Background: Body weight supported treadmill training (BWSTT) assisted with a robotic driven gait orthosis (DGO) is an emerging tool in rehabilitating patients with lost sensorimotor function. Few information about the effects of BWSTT on cardiovascular system are available. The purpose of this study was to determine the effects of BWSTT on: 1) left ventricular (LV) systo-diastolic function; 2) coronary flow reserve (CFR); 3) endothelial function in patients with lost sensorimotor function due to neurologic lesions. Methods: Fourteen adults (males 10, age 50.6 ± 17.1 years) with motor incomplete spinal cord injuries (SCI) due to trauma or spondylotic diseases underwent standard echocardiographic examination, non invasive assessment of CFR by dipyridamole stress echo and determination of plasma asymmetric dimethylarginine (ADMA) levels at baseline and after 6 weeks of BWSTT. Results: At post training evaluation we observed lower LV end-diastolic (P = 0.0164) and end-systolic volumes (P = 0.0029) with increased ejection fraction (EF) (P = 0.0266). We also observed a LV interventricular septum (IVS) (P = 0.00469) increase. At the same time, we detected an improvement of LV diastolic function as witnessed by the reduction of isovolumic relaxation time (IVRT) (P = 0.0404) and deceleration time (DT) (P = 0.0405) with an increased E/A ratio (P = 0.0040). Improved CFR (P = 0.020) and reduced plasma ADMA levels (P = 0.0005) have been observed too, in association with a reduction of the inflammatory status (C-reactive protein (CRP) (P = 0.0022) and erythrocyte sedimentation rate (ESR) (P = 0.0005)). Conclusion: For the first time, this study demonstrated that 6 weeks of BWSTT improved not only the sensorimotor function but also systo-diastolic LV function, CFR and endothelial dysfunction associated with a reduction of the inflammatory status in patients with incomplete SCI.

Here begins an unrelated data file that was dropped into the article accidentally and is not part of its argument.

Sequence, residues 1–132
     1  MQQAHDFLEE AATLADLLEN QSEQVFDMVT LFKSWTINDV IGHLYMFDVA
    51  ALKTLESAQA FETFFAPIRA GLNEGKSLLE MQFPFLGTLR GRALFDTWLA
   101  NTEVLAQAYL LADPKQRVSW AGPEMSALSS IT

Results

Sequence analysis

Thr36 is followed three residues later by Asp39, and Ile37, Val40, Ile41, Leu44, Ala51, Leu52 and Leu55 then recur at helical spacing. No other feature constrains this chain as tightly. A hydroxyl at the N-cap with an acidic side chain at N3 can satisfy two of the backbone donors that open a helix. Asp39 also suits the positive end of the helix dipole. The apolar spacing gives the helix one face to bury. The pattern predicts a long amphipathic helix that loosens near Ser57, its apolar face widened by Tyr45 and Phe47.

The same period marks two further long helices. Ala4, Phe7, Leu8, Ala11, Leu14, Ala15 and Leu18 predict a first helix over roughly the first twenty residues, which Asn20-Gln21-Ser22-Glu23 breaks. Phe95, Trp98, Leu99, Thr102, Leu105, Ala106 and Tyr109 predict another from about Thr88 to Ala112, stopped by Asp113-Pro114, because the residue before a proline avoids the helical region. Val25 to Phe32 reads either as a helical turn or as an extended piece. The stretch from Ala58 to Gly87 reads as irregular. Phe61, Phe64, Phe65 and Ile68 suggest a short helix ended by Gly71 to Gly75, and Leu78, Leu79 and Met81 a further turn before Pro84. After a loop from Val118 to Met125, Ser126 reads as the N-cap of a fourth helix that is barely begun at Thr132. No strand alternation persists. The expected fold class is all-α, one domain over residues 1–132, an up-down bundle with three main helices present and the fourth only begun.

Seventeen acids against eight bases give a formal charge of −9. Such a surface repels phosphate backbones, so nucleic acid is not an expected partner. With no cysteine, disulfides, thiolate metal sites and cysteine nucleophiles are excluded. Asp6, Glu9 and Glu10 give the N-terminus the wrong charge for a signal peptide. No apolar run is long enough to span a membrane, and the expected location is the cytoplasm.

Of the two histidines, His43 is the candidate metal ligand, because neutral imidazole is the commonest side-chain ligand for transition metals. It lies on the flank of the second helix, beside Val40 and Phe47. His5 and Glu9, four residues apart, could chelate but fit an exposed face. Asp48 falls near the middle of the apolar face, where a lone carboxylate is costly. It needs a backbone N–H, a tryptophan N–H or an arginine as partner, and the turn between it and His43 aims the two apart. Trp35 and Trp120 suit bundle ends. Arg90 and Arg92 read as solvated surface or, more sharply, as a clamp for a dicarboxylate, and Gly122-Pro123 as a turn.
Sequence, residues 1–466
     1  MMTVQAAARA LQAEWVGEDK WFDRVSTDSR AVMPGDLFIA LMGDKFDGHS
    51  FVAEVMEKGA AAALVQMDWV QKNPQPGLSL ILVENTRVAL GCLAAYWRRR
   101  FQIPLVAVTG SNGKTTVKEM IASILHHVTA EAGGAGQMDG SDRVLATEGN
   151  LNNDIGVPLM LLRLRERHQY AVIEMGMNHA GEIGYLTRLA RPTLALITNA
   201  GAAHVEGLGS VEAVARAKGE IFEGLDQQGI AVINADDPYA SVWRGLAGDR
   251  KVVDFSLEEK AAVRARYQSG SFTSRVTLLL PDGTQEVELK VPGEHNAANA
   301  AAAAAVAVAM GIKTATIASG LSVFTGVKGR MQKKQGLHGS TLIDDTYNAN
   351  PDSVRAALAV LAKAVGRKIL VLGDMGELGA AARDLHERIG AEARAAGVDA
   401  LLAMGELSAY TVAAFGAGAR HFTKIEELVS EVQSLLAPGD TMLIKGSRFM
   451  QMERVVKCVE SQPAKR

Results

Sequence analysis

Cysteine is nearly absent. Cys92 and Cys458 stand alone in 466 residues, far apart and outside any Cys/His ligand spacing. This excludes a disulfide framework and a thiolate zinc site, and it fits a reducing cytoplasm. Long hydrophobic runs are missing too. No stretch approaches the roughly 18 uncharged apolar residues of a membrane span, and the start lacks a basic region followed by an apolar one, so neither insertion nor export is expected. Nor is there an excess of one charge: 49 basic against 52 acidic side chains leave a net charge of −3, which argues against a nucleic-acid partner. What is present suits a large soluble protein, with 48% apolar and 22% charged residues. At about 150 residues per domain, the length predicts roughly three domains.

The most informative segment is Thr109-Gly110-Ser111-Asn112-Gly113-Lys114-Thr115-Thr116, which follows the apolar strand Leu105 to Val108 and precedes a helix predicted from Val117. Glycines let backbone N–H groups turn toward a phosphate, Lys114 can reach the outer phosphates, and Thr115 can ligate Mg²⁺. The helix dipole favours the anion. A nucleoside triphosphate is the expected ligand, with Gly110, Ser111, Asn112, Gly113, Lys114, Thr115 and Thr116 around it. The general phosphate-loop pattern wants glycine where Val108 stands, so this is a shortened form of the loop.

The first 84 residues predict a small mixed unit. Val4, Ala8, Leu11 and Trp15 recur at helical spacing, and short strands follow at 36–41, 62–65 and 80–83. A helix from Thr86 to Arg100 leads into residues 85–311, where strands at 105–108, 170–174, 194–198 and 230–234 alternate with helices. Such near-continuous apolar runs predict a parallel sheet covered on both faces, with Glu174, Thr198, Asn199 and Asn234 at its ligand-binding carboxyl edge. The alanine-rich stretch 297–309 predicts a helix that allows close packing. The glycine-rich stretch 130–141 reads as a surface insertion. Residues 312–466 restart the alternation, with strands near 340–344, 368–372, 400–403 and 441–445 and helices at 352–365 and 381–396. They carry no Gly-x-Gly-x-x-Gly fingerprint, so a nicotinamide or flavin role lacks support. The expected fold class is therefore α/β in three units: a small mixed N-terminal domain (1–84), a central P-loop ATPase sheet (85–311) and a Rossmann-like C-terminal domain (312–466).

- Asymmetric dimethylarginine
- Body weight supported treadmill training
- Coronary flow reserve
- Endothelial function
- Sensorimotor dysfunction
ASJC Scopus subject areas
- Cardiology and Cardiovascular Medicine